The European captive market has been rejuvenated over the last four years, having “levelled off” during much of the 2010s, according to Paul Eaton, CEO of Artex International.
The captive manager, owned by Arthur J. Gallagher & Co, appointed Eaton as its International CEO at the start of the year, with Nick Heys transitioning to the role of chairman of the company.
Eaton spoke to Captive Intelligence in an exclusive interview following Artex’s acquisition of Irish captive manager Allied Risk Management in May.
“We were really nicely positioned with our business development team and received a large amount of inquiries and proceeded with a good number of formations,” he said.
“It’s been great to see such a rejuvenation in the captive industry. I think most practitioners in Europe would agree that captive formations had levelled off during the 2010s.”
Eaton highlighted that new business is deriving from a number of regions.
“Historically, the UK has been the natural home market for Guernsey, and we had some interesting formations from that region, but also from EMEA and Australasia,” he said.
“We’ve had success in those regions before, but particularly in relation to Australia, we saw some strong demand for cell business as a result of the distressed market.”
He noted that a lot the new formations were single-parent structures.
“Though the majority of these were more interested in the cell option, which is not a huge surprise given the cost and operating efficiencies cells provide,” he said.
“We have also seen a number of limited company formations.”
As Artex International CEO, Eaton serves on the company’s executive leadership team and drives Artex’s strategy on talent, organic growth, M&A, and operational efficiency for its international operations, including Guernsey, Gibraltar, Malta, London and Singapore.
“It is a wonderfully challenging role, which I’m really enjoying,” he added.
“Having worked for a long time with my predecessor Nick Heys, I felt pretty well placed given the variety of roles I’d previously covered from business development and account management to running parts of the European business.”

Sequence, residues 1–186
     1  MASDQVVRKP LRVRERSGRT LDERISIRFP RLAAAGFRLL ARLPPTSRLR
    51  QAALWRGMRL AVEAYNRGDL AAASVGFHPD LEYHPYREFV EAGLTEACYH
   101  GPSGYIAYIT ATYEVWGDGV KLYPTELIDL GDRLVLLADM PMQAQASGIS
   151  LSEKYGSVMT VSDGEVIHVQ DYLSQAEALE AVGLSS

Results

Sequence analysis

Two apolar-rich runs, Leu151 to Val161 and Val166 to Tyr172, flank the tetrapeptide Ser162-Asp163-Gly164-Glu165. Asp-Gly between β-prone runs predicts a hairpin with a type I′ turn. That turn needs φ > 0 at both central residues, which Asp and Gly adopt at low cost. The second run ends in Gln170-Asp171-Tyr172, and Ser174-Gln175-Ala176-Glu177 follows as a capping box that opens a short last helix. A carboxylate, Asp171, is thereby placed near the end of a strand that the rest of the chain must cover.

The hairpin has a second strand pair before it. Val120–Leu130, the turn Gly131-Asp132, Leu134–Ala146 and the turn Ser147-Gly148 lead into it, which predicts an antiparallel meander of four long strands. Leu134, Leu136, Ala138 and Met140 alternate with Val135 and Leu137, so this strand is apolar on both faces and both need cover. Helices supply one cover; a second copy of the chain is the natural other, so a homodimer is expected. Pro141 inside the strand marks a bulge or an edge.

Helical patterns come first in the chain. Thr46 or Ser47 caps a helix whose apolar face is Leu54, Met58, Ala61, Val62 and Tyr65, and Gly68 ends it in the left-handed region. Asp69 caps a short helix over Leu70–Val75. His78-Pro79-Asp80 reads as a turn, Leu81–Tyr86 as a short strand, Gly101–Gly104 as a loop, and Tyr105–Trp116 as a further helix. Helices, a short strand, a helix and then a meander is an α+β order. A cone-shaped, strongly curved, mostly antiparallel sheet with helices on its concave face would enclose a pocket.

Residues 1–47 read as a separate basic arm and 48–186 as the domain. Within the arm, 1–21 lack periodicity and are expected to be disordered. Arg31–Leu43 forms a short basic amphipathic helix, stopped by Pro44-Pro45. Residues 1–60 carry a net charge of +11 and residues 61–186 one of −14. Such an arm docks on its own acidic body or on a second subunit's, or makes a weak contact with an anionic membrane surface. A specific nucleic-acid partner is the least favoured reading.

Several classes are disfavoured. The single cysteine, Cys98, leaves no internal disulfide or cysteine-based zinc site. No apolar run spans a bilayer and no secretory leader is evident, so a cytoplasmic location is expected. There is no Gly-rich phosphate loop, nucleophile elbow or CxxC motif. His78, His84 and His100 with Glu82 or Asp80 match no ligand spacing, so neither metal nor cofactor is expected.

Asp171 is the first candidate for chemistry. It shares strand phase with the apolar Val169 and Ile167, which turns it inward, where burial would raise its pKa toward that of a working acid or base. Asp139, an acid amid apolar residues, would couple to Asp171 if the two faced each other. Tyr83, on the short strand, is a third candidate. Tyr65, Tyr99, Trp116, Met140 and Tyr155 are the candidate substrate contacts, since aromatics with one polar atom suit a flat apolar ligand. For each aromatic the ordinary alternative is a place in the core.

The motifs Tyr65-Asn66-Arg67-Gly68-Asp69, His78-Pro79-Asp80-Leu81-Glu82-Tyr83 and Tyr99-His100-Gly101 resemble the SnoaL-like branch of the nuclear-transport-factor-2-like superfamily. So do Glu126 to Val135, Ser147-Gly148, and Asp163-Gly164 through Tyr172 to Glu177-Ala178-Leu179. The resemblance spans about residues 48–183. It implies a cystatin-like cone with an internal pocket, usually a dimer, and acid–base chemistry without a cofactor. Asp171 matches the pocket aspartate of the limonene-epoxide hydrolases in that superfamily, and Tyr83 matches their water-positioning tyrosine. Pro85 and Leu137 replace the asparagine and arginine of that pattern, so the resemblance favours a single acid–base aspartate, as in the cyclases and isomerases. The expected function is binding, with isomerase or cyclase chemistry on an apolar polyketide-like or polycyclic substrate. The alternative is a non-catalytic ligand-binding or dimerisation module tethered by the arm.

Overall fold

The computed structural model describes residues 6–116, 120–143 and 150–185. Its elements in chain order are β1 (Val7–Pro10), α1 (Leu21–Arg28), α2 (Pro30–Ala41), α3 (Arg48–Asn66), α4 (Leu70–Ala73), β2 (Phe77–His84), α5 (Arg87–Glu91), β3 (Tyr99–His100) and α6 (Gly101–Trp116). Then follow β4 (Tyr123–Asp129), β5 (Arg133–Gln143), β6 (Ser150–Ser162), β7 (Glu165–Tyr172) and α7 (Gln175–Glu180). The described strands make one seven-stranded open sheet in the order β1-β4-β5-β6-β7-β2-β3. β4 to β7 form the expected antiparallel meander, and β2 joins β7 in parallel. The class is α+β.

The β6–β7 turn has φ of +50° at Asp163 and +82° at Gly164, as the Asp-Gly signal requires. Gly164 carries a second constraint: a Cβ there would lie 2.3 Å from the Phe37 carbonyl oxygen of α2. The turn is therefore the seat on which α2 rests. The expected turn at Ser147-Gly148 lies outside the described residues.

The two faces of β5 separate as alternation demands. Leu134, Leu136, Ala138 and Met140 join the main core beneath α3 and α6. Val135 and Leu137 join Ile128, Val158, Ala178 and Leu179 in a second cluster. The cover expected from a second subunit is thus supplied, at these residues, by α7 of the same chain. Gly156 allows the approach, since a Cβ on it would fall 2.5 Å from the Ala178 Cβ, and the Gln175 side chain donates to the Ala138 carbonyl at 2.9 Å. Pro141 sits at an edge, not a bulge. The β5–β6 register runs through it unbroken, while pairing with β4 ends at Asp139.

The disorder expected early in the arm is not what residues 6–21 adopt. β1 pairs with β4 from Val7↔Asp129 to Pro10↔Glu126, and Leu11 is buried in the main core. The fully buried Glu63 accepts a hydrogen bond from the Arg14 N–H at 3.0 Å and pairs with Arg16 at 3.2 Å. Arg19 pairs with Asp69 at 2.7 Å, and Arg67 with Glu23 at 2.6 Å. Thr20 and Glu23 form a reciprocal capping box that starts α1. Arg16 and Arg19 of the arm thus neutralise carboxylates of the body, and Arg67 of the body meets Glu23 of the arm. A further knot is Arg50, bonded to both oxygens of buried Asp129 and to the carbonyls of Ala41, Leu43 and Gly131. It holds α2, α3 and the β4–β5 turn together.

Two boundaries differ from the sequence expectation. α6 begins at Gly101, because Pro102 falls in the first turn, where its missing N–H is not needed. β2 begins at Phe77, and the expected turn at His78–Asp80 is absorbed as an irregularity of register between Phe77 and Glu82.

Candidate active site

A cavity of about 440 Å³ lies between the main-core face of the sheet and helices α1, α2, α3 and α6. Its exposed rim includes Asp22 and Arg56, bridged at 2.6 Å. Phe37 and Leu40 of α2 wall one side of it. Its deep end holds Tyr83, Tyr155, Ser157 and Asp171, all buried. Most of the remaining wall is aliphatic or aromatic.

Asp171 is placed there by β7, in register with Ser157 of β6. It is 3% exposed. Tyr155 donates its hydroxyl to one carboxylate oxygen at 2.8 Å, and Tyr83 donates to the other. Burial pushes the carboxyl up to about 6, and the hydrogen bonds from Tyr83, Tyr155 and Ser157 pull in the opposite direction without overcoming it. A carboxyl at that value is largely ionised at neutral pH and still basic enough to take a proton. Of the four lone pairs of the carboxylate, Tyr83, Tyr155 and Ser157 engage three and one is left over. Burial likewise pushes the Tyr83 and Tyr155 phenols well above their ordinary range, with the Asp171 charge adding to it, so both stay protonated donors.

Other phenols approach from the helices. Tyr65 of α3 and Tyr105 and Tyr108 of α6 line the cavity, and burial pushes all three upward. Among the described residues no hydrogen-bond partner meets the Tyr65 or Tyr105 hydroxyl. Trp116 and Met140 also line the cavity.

Lines of business
Eaton revealed there has been an expansion in the lines of business clients are looking to write though captives, with Artex seeing a growing number of cyber and D&O enquiries, for example.
“The other area where we’ve had some impact in the past, and where we’re seeing renewed interest is employee benefits,” he said.
“It’s exciting to think of these new coverage options that clients are considering for their captives, and I guess that’s been partly brought about by the more challenging market conditions and also a desire to diversify captive retained risk.”
He highlighted that cyber in particular can generate substantial losses, so it is important that clients balance the ability to retain risk within their captive, while also accessing risk transfer options in order to prevent a disproportionate net risk being retained in the captive.
“Cyber as a coverage for captives is still a fairly new and developing market,” he added.
“I believe clients will start to use their captives more to incubate risk and to grow risk retention in this class.”
Eaton highlighted that there are some notable distinctions between the US and European markets when it comes to attitudes towards group captives.
“Generally speaking, the US premium spend is much higher, there’s much more exposure to catastrophe risk, and importantly I think culturally, risk sharing is more acceptable than it has been in Europe,” he said.
He noted that Artex has received a number of inquiries over the years about group captive formations in Europe “and we’ve worked on potential solutions to show how we could manage risk more effectively”.
“In many cases I believe what holds this back is the willingness of people to collaborate and needing to convince a number of stakeholders that some risk sharing doesn’t mean that you’re sharing any of your trade secrets or your USPs, so perhaps there is a cultural issue,” he said.
Eaton noted that although there has not been much activity of late, Artex has an interest in working with clients who currently have captives in Singapore or are wanting to launch new captives in the region.
“From our perspective, it makes sense for us to have an offering where Gallagher has a presence as we can work alongside each other as sister companies,” he said.
“Gallagher has a strong presence in Australia, New Zealand and a growing presence in Asia, so, we think it’s a domicile that could attract more captive business.”
He noted that within Singapore, Artex is currently focussed on feasibility studies and captive health checks.
“But that could convert into captive management quickly,” he said.
“My understanding is that there has not been much growth in Singapore captives over the last few years. I’m sure market conditions have encouraged some increased captive retentions, but I don’t think we’ve seen growth in numbers.”